President Joe Biden in late August announced a plan to forgive student loan debt for Americans. At the time the plan was announced, federal student loans totaled $1.6 trillion across more than 45 million borrowers. As part of the plan, the Department of Education will provide up to $20,000 in debt cancellation to Pell Grant recipients with loans and up to $10,000 in debt for non-Pell Grant recipients earning individual incomes of less than $125,000 per year.
According to the White House fact sheet, middle-class borrowers grappling with high monthly payments and student loan debt struggle to build wealth and face greater barriers buying homes, saving for retirement, and starting small businesses.
“[Student loan forgiveness] will have a good effect on prospective home buyers, particularly first-time buyers, saving for a down payment,” says Buzz Roberts, president and CEO of the National Association of Affordable Housing Lenders (NAAHL). “Since Pell Grant recipients are disproportionately people of color, that should also be particularly helpful for increasing minority homeownership. About half of the student loan debtors today have less than $10,000 of debt, so for [those debtors], it will be entirely wiped out.”
David Dworkin, president and CEO of the National Housing Conference, says student loan forgiveness is “one of the most consequential administrative actions for housing in a generation,” adding that the decision will aid access to homeownership for “millions of low-, moderate-, and middle-income millennials, Gen Zers, and people of color.”
Federal Reserve data indicates that 30% of adults—representing over 4 in 10 people who went to college—incurred at least some debt for their education, including 20% of college attendees who still owed money. Adults younger than 30—in the millennial cohort—who attended college were more likely to have taken out loans than older adults, according to the Federal Reserve. Data from the Education Data Initiative shows the average federal student loan debt balance is $37,667. Related to the housing market, an analysis from the Federal Reserve found the homeownership rate falls by nearly 2 percentage points for every additional $1,000 in student loan debt held by a borrower.
According to Zonda surveys of renting millennials each of the past six years, four of the five top reasons why millennials have not become homeowners are related to affordability, says Zonda chief economist Ali Wolf. In particular, millennials cite the inability to save for a down payment and the existence of student loans as two of their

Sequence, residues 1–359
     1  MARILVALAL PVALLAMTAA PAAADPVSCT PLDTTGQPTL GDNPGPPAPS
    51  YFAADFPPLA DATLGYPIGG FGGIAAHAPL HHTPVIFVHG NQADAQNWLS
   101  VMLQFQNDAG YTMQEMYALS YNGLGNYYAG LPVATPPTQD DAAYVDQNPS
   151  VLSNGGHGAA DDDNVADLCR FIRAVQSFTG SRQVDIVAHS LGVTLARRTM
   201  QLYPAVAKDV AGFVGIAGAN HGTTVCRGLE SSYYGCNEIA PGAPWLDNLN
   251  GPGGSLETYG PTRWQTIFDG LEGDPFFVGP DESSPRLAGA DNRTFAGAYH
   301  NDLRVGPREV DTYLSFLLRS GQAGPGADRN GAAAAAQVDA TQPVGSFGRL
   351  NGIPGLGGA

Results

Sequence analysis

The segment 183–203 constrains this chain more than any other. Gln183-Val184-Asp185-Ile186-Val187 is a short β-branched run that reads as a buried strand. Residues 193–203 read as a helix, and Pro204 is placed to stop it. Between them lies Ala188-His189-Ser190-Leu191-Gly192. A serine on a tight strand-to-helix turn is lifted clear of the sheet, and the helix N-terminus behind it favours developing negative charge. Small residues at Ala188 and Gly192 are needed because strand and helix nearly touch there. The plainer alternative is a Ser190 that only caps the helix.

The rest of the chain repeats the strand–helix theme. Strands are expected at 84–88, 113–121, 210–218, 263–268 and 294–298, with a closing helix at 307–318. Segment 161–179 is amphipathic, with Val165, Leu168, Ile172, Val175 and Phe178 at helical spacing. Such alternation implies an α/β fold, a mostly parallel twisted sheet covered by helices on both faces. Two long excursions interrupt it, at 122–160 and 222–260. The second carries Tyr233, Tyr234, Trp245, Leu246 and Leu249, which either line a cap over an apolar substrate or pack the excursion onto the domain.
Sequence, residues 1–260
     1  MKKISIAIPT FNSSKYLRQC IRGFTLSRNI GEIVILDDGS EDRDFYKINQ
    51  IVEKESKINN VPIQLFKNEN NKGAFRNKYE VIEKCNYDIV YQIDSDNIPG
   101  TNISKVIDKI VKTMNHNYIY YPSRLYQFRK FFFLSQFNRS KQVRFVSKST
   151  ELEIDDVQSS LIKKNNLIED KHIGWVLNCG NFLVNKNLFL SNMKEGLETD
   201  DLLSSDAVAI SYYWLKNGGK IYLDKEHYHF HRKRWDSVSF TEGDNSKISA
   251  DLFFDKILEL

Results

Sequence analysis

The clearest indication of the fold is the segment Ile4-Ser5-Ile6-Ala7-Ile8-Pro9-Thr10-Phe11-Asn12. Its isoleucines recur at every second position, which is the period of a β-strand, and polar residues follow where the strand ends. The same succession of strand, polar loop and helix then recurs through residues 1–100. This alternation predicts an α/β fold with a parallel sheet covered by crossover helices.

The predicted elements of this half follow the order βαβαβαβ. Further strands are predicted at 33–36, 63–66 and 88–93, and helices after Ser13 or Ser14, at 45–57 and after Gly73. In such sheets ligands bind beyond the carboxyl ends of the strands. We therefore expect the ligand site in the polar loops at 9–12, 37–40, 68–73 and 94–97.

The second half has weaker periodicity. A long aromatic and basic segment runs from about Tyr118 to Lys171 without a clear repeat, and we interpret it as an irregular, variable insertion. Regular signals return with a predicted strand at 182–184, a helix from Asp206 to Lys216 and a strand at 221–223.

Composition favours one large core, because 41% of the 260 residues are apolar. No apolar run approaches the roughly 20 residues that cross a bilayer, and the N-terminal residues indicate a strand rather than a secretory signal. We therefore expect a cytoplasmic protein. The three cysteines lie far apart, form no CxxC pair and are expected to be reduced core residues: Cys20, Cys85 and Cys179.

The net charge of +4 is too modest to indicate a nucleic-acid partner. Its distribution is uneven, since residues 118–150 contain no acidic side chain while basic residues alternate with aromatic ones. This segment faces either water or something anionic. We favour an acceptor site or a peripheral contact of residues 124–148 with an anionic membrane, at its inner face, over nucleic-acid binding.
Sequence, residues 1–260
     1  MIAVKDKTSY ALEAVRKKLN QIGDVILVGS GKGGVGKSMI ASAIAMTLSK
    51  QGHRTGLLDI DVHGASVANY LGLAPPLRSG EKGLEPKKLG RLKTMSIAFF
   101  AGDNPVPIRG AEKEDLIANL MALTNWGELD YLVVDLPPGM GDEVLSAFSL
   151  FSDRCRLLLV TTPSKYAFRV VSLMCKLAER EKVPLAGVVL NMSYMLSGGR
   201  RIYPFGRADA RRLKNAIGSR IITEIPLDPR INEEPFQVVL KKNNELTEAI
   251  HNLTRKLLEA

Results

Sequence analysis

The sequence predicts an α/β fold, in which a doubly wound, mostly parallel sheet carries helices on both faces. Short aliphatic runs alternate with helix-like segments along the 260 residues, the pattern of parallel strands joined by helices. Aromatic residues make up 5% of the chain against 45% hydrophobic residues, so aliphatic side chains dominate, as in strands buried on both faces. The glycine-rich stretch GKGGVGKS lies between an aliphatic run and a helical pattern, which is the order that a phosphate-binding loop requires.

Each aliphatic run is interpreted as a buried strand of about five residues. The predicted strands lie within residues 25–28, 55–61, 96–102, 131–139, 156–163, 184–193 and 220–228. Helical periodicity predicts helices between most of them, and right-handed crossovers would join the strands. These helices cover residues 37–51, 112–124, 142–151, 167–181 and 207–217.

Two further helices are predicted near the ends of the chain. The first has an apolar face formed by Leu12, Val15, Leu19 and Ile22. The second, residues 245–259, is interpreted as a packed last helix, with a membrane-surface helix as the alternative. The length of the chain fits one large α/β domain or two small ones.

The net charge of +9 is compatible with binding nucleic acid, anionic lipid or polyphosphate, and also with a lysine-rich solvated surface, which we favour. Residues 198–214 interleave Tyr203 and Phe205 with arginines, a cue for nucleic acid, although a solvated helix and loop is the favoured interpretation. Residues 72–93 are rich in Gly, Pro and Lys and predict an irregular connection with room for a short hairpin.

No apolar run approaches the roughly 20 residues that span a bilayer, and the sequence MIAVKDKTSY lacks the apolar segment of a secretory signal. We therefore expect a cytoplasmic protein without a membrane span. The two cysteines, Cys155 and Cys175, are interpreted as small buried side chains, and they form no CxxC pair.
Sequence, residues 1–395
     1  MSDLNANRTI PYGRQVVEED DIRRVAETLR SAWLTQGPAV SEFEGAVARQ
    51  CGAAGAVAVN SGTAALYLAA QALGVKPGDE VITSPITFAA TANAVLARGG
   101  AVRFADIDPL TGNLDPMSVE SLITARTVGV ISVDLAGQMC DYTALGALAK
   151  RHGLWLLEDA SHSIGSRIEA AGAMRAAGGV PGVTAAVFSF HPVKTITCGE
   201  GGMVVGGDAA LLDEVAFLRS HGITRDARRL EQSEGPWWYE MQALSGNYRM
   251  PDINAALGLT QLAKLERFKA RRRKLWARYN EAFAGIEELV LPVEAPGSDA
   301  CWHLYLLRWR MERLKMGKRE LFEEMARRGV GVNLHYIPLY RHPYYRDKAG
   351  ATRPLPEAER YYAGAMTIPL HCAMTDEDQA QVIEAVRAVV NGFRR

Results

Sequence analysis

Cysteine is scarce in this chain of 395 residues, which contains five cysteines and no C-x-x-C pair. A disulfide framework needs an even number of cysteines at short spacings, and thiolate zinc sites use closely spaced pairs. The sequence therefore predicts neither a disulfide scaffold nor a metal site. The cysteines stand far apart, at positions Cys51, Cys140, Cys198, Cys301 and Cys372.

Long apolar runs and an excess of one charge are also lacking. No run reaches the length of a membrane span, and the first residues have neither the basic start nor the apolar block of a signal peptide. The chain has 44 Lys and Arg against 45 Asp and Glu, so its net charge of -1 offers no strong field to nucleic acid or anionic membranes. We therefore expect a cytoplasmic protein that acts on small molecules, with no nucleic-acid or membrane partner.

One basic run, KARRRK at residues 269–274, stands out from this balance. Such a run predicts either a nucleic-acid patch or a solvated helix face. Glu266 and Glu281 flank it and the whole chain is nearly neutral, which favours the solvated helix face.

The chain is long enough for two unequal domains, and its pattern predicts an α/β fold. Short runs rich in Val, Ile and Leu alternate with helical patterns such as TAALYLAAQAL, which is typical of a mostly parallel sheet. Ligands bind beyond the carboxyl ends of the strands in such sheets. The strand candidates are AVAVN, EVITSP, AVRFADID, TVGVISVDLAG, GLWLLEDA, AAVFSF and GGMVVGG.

homeownership hurdles. Wolf says the pandemic has served as “an accidental test case” for the loan forgiveness due to the student loan forbearance policy in place since 2020. For example, two individuals with the average student loan amount could have come up with “a reasonable down payment in many markets” had they put money that would have been allocated to student loan payments in a savings account, she says. During the forbearance period in some markets, consumers were able to save for nearly an 8% down payment by putting their student loan deferral money into a savings account versus paying off their loans each month, according to Wolf.
“The math shows that the absence of student loan debt has a greater impact on lower-cost housing markets than higher-cost areas,” Wolf says. “The student loan deferral program allowed consumers to combat some of the long-standing affordability challenges related to down payment funds. We expect the student loan forgiveness program to have a similar effect. The forgiveness of $10,000 won’t be a game changer for most, but it will help make homeownership look a bit more accessible.”
In addition to forgiving loans, the program also cuts monthly payments in half for undergraduate loans. The Department of Education’s suggested income-driven repayment plan is designed to protect low-income borrowers and caps monthly payments for undergraduate loans at 5% of a borrower’s discretionary income, which is half of the current rate for borrowers.
“This [discretionary income cap] will have two significant effects. First, it will also help people save for down payments, particularly these days when inflation is squeezing a lot of people,” says Roberts. “But also, going to 5% will create room for home buyers to take on a larger mortgage and actually be able to buy a house. Home prices are high, interest rates have gone up, [and] that’s taken a lot of people out of the market. This would be a step for getting people [back] in the market.”
Both Wolf and Roberts say the policy change may also have the effect of adding entry-level demand in a period already impacted by supply shortages, rising prices, and inflation. Roberts says action can be taken to help expand supply for the potential increase in demand, particularly for starter homes for first-time buyers. The NAAHL is advocating for Congress to enact a new Neighborhood Homes Investment Act, which would provide tax credits for building or sustainably rehabilitating homes in distressed communities and would help produce an additional 50,000 units per year.
“First-time buyers were already taking the brunt of the impact of the hot housing market following two years of consistent home price appreciation and higher mortgage rates,” Wolf says. “The lowest price points are where the market has been consistently the most competitive and the lowest in inventory. We are watching closely how impactful this is to entry-level housing demand and overall home price appreciation. Helping convert more Americans from renters to owners is vital for wealth building, but too much demand in a short period of time can contribute to continued first-time home buyer struggles.”